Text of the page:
As has been the case for a few years now, the Jets' five best forwards - Scheifele, Laine, Connor, Ehlers, and Blake Wheeler - bore the offensive load for an otherwise punchless roster in 2019-20: the 142 goals they united to score were precisely two-thirds of the Jets' 213 for the campaign. Ehlers scored twice this series and easily could have potted three or four more across Games 3 and 4. Less favorably, Connor, Roslovic, and Neal Pionk took a combined 34 shots on Talbot without any finding twine. Down two stars, hard of luck and of finishing ability, this lineup didn't have the juice to hang with Calgary's attack.
Little should change next season - except, ideally, veteran forward Bryan Little returning healed from the perforated eardrum that sidelined him way back in November. To state the matter harshly, Winnipeg just wasted a Vezina Trophy-caliber season from Hellebuyck, but he, top-pairing defenseman Josh Morrissey, and most of those ace scorers above are signed through 2023-24 or longer for $6 million annually or more. The lone exception is Laine, an RFA next summer.
Basically, this core isn't going anywhere, and absent the impetus to make radical changes for change's sake, health and internal growth will determine the Jets' ceiling. Everywhere but on the blue line, Winnipeg has the star power to front a second run to the Western Conference Final under Paul Maurice. That a split-second brush with Matthew Tkachuk could help delay those ambitions a year is one of this sport's crushing truths.
Of course, losing now might deliver Alexis Lafreniere to Winnipeg. That wouldn't be so bad.
St. Louis-Vegas was an endearingly strange game. The Golden Knights outshot the Blues 38-17 and lapped them 71-28 in shot attempts. They were vastly superior for, oh, the last 50 minutes, but committed four egregious gaffes - from brutal defensive-zone turnovers to Marc-Andre Fleury losing his footing on a wraparound - that led directly to as many Blues goals. St. Louis blew a third-period lead and lost in regulation for the second time in the bubble - after never once stumbling to that outcome in the regular season.
Also, the Fox Sports Midwest telecast referred to Vegas as the "Gloden Knights" in one graphic. Everyone has a lot to clean up, basically.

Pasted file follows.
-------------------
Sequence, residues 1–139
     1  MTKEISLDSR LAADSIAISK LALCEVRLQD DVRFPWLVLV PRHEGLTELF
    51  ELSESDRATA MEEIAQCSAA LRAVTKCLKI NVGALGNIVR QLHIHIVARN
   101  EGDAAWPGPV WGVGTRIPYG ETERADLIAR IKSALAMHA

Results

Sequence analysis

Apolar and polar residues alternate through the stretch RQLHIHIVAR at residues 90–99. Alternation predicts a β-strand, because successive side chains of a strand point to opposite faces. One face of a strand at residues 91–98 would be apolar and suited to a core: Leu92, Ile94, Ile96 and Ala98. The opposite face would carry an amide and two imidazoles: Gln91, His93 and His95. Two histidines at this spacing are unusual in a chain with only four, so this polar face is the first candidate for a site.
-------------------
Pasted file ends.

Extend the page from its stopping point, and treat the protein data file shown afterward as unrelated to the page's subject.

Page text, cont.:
Maybe chaos was to be expected from some round-robin clashes, as top teams take time to rediscover their sea legs without the imminent threat of elimination necessitating urgency. Maybe it's sound to invoke the shrug emoji and move on. These games do mean something, though, and as upsets brew in the Western Conference's 5-12 and 6-11 play-in matchups - with Chicago and Arizona each a win away from advancing - the top couple of seeds in the bracket are starting to look all the more desirable.
In any event, a few early conclusions can be drawn about the teams that'll occupy those seeds. The Golden Knights are generating heaps of chances, as they did all year. Robin Lehner, demonstrably a better goalie than Fleury this season, is coach Peter DeBoer's best bet in net; surely he'll be the choice to start moving forward. We already knew Mark Stone's hands and eyes operate in perfect sync. Justin Faulk (peep the deflection off his skate below) can be assured nothing changed during the layoff.
Elsewhere, it's clear the Avalanche are in fine form after blitzing Dallas 4-0 on Wednesday. Among other good omens, Colorado amassed 9:31 of offensive-zone possession time to the Stars' 3:55, according to data provided by SPORTLOGIQ. Colorado's six bubble goals have come via six players, including four key offseason or deadline acquisitions in Andre Burakovsky, Joonas Donskoi, Nazem Kadri, and Vladislav Namestnikov. The Avs are deep, no longer wracked by injuries, and face Vegas on Saturday to decide No. 1 positioning.
Nick Faris is a features writer at theScore.